1. ## A few questions.

1. A sphere with radius 2 ($x^2+y^2+z^2=4$) has its cylindrical core of radius 1 removed ($x^2+y^2=1$), what is the volume of the resultant solid?

a) Use cylindrical coordinates to find the volume of the resultant solid.
b) Use spherical coordinates to find the volume of the resultant solid.

For a) I just used cylindrical coordinates to find the volume of the cylinder, then used $V = \frac{4}{3}\pi r^2$ which is the volume of the sphere then minus the volume of the cylinder from it.

For b) I used spherical coordinates to find the volume of the sphere, then used $V = \pi r^2 h$ which is the volume of the cylinder, then used the volume of sphere minus the volume of cylinder.

Now what I am wondering is... is that the right way to interpret the question? Or does the question mean use cylindrical coordinates ONLY to work out the volume? If so... how do I do that? Cause I thought as long as I used cylindrical coordinates to find the volume that's fine.

Same goes for b)

2. $\mathbf{F} = (x+y)i+(y+z)j+(z+x)k$. Verify the Divergence Theorem by showing $\int \int \int_E \Delta . \mathbf{F} dV = \int \int_S \mathbf{F}.\mathbf{n} dS$ where S is the union of the surfaces $z=0$ and $z = 4-x^2-y^2$ and E is the solid encompassed by those 2 surfaces.

Now I can evaluate the LHS which in spherical coordinates is given by: $\int_0^{\frac{\pi}{2}} \int_0^{2\pi} \int_0^4 3p^2\sin(\phi)dp d\theta d\phi = 128\pi$ (btw is this triple integral right? As in did I set it up right, not the answer )

Now how do I evaluate the RHS for the surface integral over the surface $z = 4-x^2-y^2$ (without a calculator)... it's almost impossible to do by hand after you compute $\mathbf{F}(\mathbf{r}(u,v)).(\mathbf{r}_u \times \mathbf{r}_v)$ where u and v are x and y respectively.

3. Evaluate $\int_1^2 \int_{\frac{1}{y}}^{\sqrt{y}} e^{\sqrt{xy}}dxdy$ by making the transformation $x = \frac{u}{v}$ and $y = uv$

I swear you can NOT do this question without a CAS.

After sketching on the u-v plane (with u as the vertical axis) we get the region to be the region between $u = v^3, u = \frac{2}{v}$ and $u = 1$ (I've checked this many times)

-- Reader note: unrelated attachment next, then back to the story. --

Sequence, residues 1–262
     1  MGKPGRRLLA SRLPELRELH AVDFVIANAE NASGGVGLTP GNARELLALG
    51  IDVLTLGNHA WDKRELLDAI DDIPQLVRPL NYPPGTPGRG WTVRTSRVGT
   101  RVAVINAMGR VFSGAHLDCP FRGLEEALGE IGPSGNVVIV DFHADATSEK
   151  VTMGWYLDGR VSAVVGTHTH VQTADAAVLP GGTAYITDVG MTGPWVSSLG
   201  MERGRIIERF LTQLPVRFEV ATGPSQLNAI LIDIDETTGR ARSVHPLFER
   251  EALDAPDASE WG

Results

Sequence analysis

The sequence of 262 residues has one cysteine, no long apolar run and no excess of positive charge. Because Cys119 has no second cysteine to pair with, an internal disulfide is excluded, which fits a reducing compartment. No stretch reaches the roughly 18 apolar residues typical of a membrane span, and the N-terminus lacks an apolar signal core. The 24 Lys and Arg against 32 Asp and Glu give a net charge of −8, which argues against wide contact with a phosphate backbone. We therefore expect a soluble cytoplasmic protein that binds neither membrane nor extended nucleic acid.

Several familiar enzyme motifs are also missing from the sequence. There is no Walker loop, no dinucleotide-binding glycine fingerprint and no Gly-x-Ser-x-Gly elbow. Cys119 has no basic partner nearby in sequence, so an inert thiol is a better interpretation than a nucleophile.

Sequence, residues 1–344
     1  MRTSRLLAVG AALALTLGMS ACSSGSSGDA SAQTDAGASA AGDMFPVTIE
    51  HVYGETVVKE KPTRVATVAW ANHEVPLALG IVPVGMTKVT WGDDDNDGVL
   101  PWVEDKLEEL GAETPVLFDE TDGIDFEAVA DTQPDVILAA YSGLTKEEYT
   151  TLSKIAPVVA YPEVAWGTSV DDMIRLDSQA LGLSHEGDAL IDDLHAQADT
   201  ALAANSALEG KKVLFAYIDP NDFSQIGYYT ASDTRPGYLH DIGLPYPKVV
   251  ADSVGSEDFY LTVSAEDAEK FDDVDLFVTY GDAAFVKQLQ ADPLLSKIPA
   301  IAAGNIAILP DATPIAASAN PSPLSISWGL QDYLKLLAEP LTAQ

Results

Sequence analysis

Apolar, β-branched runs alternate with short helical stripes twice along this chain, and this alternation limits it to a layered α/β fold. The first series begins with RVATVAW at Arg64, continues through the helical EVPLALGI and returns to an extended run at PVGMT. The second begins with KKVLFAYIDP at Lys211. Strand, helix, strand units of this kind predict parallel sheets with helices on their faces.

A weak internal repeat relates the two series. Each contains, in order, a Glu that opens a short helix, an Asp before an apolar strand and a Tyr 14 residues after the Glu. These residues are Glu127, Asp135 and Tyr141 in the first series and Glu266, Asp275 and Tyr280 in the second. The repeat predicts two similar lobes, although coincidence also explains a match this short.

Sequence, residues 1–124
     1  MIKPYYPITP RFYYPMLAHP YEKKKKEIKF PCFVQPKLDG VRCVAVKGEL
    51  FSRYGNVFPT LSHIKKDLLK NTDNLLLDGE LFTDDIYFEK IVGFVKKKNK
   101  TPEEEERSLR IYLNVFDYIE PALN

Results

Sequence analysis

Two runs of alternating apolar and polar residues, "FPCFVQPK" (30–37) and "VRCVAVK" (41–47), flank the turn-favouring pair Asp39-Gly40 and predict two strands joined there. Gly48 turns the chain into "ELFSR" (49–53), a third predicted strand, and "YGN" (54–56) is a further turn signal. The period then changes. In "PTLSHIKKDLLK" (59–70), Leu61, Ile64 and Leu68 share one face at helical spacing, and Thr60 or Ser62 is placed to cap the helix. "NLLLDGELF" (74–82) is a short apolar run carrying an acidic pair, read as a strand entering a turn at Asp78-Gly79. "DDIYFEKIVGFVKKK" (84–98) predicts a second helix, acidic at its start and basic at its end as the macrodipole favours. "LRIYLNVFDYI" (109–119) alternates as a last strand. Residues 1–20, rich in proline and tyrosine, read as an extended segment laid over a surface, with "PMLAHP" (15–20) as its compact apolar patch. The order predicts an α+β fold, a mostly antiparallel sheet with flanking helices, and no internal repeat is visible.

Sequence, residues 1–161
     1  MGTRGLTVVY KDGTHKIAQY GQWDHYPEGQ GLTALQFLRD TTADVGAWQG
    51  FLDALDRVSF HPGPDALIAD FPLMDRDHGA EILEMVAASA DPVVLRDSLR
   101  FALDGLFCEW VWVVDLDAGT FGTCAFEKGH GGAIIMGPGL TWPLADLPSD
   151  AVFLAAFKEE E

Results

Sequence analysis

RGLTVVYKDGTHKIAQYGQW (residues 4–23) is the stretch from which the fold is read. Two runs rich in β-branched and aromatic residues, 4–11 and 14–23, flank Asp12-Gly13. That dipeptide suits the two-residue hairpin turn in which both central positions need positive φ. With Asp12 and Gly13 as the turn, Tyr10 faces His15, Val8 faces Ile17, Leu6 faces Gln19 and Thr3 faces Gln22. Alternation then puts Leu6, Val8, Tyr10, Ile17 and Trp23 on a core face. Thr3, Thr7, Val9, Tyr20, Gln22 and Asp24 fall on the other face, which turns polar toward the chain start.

Now the Jacobian is $\frac{2u}{v}$ and after making the transformations we can evaluate the integral in the u-v plane with: $\int_1^{2^{\frac{3}{4}}} \int_{u^{\frac{1}{3}}}^{\frac{2}{u}} 2ue^u dvdu$

Now it's impossible to integrate that without a calculator.

Then we can try reverse the order of the integral so we get a dudv instead of dvdu, it's also unable to be integrated by hand (try it yourself). So is there ANYWAY to do this question by hand?

2. Originally Posted by usagi_killer
1. A sphere with radius 2 ($x^2+y^2+z^2=4$) has its cylindrical core of radius 1 removed ($x^2+y^2=1$), what is the volume of the resultant solid?

a) Use cylindrical coordinates to find the volume of the resultant solid.
b) Use spherical coordinates to find the volume of the resultant solid.

For a) I just used cylindrical coordinates to find the volume of the cylinder, then used $V = \frac{4}{3}\pi r^2$ which is the volume of the sphere then minus the volume of the cylinder from it.

For b) I used spherical coordinates to find the volume of the sphere, then used $V = \pi r^2 h$ which is the volume of the cylinder, then used the volume of sphere minus the volume of cylinder.

Now what I am wondering is... is that the right way to interpret the question? Or does the question mean use cylindrical coordinates ONLY to work out the volume? If so... how do I do that? Cause I thought as long as I used cylindrical coordinates to find the volume that's fine.

Same goes for b)
The thing that you need to be careful about here is that the "cylindrical core" is not really a cylinder, because its top and bottom surfaces are not flat (they form part of the sphere). So its volume is not $\pi r^2h$. Using cylindrical polars, I get the volume of the resultant solid (sphere with "cylinder" removed) to be $4\sqrt3\pi$.

Originally Posted by usagi_killer
3. Evaluate $\int_1^2 \int_{\frac{1}{y}}^{\sqrt{y}} e^{\sqrt{xy}}dxdy$ by making the transformation $x = \frac{u}{v}$ and $y = uv$

I swear you can NOT do this question without a CAS.

After sketching on the u-v plane (with u as the vertical axis) we get the region to be the region between $u = v^3, u = \frac{2}{v}$ and $u = 1$ (I've checked this many times)

Now the Jacobian is $\frac{2u}{v}$ and after making the transformations we can evaluate the integral in the u-v plane with: $\int_1^{2^{\frac{3}{4}}} \int_{u^{\frac{1}{3}}}^{\frac{2}{u}} 2ue^u dvdu$

Now it's impossible to integrate that without a calculator.

Then we can try reverse the order of the integral so we get a dudv instead of dvdu, it's also unable to be integrated by hand (try it yourself). So is there ANYWAY to do this question by hand?
Shouldn't the integral be $\displaystyle\int_1^{2^{3/4}}\!\!\!\int_{u^{1/3}}^{2/u}\tfrac{2u}ve^u\,dvdu$ (even worse than you thought, with that v in the denominator)? Assuming that you have copied the question correctly, it certainly looks impossible to integrate analytically.